The Meaning(s) of Trust. A Content Analysis on the Diverse Conceptualizations of Trust in Scholarly Research on Business Relationships
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Scholarly research largely converges on the argument that trust is of paramount importance to drive economic agents toward mutually satisfactory, fair, and ethically compliant behaviors. There is, however, little agreement on the meaning of trust, whose conceptualizations differ with respect to actors, relationships, behaviors, and contexts. At present, we know much better what trust does than what trust is. In this article, we present an extensive review and analysis of the most prominent articles on trust in market relationships. Using computer-aided content analysis and network analysis methods, we identify key, recurring dimensions that guided the conceptualization of trust in past research, and show how trust can be developed as a multifaceted and layered construct. Our results are an important contribution to a convergence of research toward a shared and common view of the meaning of trust. This process is important to ensure the body of trust research’s internal theoretical consistency, and to provide reliable and common principles for the management of business relationships – a context in which opportunism and imperfect information may induce economic actors to cheat and stray from fair and ethically compliant behaviors.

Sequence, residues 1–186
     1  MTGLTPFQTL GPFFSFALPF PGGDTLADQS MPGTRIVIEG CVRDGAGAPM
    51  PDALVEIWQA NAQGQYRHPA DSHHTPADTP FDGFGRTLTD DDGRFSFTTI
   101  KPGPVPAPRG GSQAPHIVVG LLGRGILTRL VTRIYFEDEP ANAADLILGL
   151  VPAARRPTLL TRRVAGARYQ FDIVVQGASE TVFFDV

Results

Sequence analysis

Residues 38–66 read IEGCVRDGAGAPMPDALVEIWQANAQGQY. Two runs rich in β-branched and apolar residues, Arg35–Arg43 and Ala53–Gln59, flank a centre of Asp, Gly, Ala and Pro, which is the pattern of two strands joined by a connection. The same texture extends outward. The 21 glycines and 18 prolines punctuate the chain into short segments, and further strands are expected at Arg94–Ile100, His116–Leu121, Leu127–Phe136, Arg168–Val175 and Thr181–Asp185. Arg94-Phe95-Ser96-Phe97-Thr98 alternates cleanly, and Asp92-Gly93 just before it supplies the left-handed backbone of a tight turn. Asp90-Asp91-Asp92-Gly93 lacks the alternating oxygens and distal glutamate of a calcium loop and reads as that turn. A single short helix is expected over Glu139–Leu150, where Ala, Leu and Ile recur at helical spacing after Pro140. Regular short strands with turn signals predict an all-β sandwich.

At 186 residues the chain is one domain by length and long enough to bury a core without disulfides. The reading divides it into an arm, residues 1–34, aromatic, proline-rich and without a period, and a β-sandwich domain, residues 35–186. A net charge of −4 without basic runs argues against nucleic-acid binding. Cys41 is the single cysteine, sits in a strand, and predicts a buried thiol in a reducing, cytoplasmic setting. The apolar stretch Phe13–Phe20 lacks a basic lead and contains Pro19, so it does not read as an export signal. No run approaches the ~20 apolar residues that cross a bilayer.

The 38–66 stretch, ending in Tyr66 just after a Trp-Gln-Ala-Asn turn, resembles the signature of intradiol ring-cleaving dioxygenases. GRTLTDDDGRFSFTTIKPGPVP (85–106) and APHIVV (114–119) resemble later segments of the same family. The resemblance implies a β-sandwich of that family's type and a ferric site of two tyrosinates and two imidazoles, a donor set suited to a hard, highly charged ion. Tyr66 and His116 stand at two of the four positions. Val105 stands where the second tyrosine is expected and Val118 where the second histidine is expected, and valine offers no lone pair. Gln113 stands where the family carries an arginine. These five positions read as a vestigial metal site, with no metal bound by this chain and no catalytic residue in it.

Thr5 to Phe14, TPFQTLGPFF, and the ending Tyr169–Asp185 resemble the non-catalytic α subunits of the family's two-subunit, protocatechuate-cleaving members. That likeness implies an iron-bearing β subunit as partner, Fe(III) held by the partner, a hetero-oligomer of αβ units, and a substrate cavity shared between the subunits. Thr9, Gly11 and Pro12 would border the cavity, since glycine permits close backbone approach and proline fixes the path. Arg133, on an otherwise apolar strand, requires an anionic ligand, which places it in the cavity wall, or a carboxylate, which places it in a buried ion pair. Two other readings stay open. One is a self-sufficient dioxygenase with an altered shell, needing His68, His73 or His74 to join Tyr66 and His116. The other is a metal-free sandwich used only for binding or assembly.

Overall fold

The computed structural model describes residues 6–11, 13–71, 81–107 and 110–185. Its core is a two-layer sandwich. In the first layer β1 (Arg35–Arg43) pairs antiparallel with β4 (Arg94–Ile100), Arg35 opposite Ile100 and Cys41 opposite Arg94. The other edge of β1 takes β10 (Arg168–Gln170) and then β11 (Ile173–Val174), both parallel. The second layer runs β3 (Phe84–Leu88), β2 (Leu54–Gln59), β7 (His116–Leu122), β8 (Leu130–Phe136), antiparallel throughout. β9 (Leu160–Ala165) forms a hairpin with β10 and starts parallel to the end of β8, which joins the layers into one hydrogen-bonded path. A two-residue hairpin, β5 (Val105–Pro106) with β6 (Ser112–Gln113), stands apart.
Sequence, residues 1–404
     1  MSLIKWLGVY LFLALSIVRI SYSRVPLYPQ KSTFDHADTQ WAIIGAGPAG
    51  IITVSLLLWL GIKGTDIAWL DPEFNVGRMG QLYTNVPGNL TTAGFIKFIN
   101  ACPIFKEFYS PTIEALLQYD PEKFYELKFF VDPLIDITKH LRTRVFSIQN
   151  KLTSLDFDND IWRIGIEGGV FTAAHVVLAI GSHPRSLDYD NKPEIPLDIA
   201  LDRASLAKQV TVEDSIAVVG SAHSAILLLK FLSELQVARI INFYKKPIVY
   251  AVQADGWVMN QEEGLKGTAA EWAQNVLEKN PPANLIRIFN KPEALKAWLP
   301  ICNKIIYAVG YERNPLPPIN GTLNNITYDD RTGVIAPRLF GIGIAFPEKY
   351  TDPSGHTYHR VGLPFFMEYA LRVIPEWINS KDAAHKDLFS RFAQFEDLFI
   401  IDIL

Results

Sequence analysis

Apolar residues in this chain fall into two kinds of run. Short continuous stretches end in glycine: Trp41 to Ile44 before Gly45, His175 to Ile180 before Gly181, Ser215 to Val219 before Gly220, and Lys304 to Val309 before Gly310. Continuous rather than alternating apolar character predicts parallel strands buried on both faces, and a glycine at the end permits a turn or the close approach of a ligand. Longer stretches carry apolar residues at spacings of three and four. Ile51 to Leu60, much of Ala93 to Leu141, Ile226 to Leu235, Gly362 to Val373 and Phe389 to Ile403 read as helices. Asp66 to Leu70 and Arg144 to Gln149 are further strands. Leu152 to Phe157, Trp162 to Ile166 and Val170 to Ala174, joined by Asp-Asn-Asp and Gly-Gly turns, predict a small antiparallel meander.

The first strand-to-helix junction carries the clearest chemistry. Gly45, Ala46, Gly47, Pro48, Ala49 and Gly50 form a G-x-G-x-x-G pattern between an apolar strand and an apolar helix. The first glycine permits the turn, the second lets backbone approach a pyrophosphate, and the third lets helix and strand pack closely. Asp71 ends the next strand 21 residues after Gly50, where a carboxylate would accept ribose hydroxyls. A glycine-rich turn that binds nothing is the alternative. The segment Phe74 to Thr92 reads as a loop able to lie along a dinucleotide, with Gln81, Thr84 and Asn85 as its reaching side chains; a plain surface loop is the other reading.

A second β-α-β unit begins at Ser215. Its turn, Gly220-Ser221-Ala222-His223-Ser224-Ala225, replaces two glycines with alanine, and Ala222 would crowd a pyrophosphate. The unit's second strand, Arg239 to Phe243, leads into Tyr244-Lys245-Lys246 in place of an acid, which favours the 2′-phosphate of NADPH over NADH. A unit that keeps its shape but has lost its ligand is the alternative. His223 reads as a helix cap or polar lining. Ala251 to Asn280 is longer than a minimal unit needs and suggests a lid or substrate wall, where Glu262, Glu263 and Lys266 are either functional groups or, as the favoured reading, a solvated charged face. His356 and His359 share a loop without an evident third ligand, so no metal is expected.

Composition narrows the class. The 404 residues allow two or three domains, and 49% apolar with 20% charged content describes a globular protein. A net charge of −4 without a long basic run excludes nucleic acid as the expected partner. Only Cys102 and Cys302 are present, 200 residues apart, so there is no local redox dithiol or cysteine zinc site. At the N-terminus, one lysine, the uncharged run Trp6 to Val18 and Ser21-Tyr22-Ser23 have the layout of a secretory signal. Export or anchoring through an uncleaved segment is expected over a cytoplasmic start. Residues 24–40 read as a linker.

Keywordstrust trust conceptualization business relationships content analysis network analysis review
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The authors are grateful to the Editor and the two anonymous referees for their insightful comments on prior versions of this article. The authors would like also to thank Consuelo Gastaldo for her support in the earlier steps of the research process.
Only the references cited in the text are provided. The complete list of the references used for this study is available on request (from the authors).
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